Around 100 flamingoes have flocked to the Soor Sarovar Bird Sanctuary here in what is being perceived as the beginning of the migratory birds' arrival for the season, an official said on Sunday. The assemblage of the birds, natives of Gujarat, at the Keetham Lake within the sanctuary has been delayed this year by a week or so due to a late monsoon, he said.
"This species (flamingo) is not native to this region. The birds' arrival from Gujarat is a visual treat for nature lovers," Anand Kumar, Deputy Conservator of Forests, National Chambal Sanctuary Project, Agra, told PTI.
He said that every year these birds usually start arriving at the sanctuary in the last week of October or the first week of November when the weather is pleasantly cold. But this year their arrival was delayed as the weather was not conducive due to late rains.
"The flamingo is a cold weather bird. Because of late rains this year, there was climatic differentiation and the birds have started coming later than usual," he said.
The official said that approximately 100 flamingo birds had been sighted at the Keetham lake in the past two-three days. Several more are expected to join the flock and give a boost to eco-tourism. In 2018-2019, 400 flamingos had visited the sanctuary, he said.
While in Agra city the real time air quality index -- around 129 on Sunday -- was stated to be 'unhealthy for sensitive groups', the bird sanctuary located on the Mathura-Delhi Highway is a green area with unpolluted air that provides a safe and natural environment for the birds to spend the winter months.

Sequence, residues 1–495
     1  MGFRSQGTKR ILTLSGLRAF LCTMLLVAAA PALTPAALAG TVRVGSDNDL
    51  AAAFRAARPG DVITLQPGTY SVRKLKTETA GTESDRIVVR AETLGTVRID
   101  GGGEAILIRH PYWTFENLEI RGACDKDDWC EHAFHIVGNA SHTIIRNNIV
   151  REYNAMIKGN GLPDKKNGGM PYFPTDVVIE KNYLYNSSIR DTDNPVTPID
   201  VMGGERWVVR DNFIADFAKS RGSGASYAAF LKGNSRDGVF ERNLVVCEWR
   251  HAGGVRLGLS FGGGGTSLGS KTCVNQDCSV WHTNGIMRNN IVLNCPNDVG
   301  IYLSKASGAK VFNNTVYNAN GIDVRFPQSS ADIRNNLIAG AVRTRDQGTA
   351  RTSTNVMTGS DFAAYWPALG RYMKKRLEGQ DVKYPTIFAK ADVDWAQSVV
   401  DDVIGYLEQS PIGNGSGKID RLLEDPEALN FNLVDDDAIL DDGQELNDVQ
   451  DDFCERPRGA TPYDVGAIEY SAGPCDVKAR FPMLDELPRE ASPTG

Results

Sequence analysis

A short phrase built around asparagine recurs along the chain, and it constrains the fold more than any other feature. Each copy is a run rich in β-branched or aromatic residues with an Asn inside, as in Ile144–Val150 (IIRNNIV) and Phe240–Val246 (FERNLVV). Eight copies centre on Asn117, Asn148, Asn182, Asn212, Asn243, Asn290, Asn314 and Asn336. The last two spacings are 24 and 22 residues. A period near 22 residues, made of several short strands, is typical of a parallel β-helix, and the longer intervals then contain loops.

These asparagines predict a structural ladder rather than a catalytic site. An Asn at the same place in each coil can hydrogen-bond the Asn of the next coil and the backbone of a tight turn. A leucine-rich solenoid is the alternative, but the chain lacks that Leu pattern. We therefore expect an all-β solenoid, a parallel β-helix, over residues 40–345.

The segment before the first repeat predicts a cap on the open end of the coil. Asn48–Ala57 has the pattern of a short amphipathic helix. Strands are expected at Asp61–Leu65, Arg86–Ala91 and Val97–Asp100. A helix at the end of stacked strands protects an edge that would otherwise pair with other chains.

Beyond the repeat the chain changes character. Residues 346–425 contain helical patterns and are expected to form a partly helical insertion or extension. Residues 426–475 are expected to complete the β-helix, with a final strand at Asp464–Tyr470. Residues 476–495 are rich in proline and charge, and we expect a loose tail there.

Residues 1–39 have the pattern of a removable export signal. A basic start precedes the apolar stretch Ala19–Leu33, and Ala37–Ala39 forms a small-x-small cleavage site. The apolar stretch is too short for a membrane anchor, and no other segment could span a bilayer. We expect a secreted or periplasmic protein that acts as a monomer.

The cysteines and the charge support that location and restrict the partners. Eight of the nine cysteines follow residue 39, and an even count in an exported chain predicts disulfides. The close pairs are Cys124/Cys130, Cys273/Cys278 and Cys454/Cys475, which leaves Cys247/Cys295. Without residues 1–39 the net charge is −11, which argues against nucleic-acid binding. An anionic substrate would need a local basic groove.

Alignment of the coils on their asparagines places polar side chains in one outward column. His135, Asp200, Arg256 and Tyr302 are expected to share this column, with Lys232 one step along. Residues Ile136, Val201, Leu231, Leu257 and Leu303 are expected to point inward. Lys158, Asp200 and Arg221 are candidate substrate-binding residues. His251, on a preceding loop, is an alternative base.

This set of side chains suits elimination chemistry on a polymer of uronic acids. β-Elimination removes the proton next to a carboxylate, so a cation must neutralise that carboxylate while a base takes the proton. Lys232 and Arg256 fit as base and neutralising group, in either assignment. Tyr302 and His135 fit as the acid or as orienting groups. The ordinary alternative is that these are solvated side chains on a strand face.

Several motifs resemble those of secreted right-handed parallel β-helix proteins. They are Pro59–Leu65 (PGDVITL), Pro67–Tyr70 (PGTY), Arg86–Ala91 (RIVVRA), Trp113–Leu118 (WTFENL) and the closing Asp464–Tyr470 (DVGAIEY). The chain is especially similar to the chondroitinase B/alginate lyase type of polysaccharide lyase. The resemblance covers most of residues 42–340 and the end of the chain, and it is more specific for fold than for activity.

“Pollution, specially air pollution, is a dominant issue nowadays. However, arrival of migratory birds like the flamingo at Soor Sarovar shows that air in this green lung of Agra is pure and can sustain the region's flora and fauna,” Kumar said.
The 15-acre bird sanctuary consists of an artificial freshwater wetland called the Keetham lake flanked by the Yamuna on its northern periphery. It was declared a sanctuary in 1991 after it was observed that a large number of migratory birds visited the area.
Over 165 species visit the wetland every year. Of the 42 species of the Family Anatidae from the Indian subcontinent, 15 species have been sighted.
These include the bar-headed goose, pintail, common teal and spot-billed duck.
Apart from the Anatidae species, egrets, cormorant, sarus crane, storks and white ibis also seasonally migrate here. The sanctuary has 300 species of plants, including 22 aquatic plants. In fact, 116 species of plants found here have medicinal value. Mammals like the hog deer, hyena, Indian pangolin also thrive here.